Here are the two links for Adam Sanetra immigrating to the United States, through Ellis Island. They correspond with the dates on this record:
First time, with Rosalie in 1904:
Here is the second time, in 1923:
If you notice, there are not any numbers by Adam's name. Now here's something that confused me. On the index, it says Adam Sanetra was naturalized on 9 Apr 1926. But he was not. If you look at the fourth page, right above this text, you will see on the 9 April 1926, the court denied him citizenship. Maybe that field really means the date the court decides whether he is a citizen or not? Even if someone is denied citizenship, you can still apply for the application. And you can see from these 4 pages all the important information on this record. There is a number written by Adam, but I'm not sure what it means, on the 1923 record. It is 3-4713. I don't see that number on the index or naturalization paperwork.
Next example is Matilda Molinowski, Kasimierz Bazarnik's wife. Here is Matilda's card, from the Ancestry.com database. I love that the birth date is given on the index. http://www.ellisisland.org/search/shipManifest.asp?MID=16227133940260322368&pID=101358050209&lookup=101358050209&show=\\\images\T715-1490\T715-14900412.TIF&origFN=\\\IMAGES\T715-1490\T715-14900411.TIF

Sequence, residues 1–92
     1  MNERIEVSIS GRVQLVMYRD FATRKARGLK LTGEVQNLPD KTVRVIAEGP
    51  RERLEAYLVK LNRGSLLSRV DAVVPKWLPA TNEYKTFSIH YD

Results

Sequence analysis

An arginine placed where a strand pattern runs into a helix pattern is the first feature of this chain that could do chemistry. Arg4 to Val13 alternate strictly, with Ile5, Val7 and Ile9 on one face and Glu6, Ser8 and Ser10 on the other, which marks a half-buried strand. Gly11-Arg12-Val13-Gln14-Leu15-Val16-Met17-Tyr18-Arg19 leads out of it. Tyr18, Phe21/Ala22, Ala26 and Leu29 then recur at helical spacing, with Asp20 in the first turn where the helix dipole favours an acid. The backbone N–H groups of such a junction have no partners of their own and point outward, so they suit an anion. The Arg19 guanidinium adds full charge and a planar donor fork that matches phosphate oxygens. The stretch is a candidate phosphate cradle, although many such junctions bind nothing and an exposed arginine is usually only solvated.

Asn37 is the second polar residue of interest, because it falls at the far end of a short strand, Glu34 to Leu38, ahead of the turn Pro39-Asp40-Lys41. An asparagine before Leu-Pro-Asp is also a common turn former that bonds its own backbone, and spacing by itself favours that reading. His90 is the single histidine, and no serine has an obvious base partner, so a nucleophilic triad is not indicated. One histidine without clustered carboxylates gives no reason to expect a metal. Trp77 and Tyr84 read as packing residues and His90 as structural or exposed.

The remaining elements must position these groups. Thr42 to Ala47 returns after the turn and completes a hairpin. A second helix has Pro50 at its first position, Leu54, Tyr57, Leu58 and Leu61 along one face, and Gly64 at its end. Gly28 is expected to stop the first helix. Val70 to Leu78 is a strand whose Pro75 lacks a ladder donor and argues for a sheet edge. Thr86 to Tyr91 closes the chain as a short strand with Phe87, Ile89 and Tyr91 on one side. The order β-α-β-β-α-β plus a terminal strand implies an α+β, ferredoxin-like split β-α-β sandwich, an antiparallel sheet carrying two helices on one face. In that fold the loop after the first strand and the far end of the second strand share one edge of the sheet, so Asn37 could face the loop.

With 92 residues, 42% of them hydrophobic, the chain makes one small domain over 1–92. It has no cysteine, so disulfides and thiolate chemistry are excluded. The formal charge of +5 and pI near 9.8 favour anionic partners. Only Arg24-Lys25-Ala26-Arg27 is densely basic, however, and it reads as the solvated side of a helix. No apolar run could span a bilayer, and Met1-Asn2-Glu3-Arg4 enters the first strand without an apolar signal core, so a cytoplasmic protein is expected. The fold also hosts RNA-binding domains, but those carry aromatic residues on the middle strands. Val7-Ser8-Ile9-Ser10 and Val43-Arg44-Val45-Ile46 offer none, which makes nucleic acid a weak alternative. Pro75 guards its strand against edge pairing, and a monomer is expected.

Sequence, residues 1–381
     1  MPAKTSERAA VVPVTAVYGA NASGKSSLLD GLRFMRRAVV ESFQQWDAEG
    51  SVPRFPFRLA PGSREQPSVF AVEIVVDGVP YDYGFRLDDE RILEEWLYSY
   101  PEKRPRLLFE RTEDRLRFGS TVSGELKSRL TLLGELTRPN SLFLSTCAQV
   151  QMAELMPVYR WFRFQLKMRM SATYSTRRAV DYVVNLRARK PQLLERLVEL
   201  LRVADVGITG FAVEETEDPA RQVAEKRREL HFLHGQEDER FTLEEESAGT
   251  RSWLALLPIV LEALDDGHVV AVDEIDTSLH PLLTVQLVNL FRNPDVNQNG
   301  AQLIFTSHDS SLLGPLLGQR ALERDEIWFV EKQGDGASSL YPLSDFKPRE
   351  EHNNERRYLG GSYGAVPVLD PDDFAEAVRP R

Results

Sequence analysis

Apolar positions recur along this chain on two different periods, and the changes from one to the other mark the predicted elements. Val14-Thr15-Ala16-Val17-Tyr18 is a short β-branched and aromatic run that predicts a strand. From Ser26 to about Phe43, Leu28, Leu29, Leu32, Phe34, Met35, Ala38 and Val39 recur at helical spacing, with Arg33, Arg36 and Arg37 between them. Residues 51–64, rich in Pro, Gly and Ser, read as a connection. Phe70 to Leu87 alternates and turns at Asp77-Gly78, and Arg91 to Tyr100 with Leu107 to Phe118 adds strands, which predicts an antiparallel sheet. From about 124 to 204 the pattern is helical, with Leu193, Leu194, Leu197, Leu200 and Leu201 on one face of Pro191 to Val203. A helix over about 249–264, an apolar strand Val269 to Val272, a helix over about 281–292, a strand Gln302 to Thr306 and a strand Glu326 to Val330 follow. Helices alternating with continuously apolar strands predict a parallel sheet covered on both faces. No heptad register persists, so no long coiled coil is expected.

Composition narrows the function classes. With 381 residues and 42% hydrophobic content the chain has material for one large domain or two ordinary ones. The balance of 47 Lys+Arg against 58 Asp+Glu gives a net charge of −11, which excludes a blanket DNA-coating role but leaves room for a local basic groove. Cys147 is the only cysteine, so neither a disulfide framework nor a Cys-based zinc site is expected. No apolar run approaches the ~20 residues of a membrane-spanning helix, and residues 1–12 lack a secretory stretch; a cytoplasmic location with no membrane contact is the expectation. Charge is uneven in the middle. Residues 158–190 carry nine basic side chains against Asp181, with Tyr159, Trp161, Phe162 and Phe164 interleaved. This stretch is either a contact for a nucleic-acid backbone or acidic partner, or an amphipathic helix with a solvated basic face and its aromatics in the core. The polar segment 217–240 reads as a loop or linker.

So if you look at the index card, upper right corner, there's the number 11-264467. Then if you look at the Ellis Island link of the ship manifest, look at Matilda, which is line 11...after her name, there's 4 smaller boxes, then in the next bigger box is the matching number 11-264467, followed by the date 17 Sep 1940. The index card says date of naturalization was 21 Mar 1941. Maybe the September date was the court date, and the certificate was written and awarded in March? One thing we can see from this record, is that only Tekla, Felicia and Matilda in this family were naturalized. And we have their file numbers. I don't know Tekla and Felicia's married names or marriage dates yet, but I might find them with this number. Although on the 1920 Felix is living with his daughter Felicia and her husband which looks like Lucyan Borejszo, which is how it is indexed. Yet if you look close at the witness on Matilda's record, there is a Felicia living at the same address as Matilda, so she may be the sister remarried? I will keep looking through records to find more on that. On the Ancestry.com database, I was doing searches by the year 1910, when Matilda and her family immigrated. It doesn't show up on the cards, but on the text index (in search results), on Ancestry.com, I searched by the name Felicia, in 1910. I saw several, but none of them had the immigration date of 30 May 1910, which was when Felicia immigrated. This is still a very new database, so I will check back soon.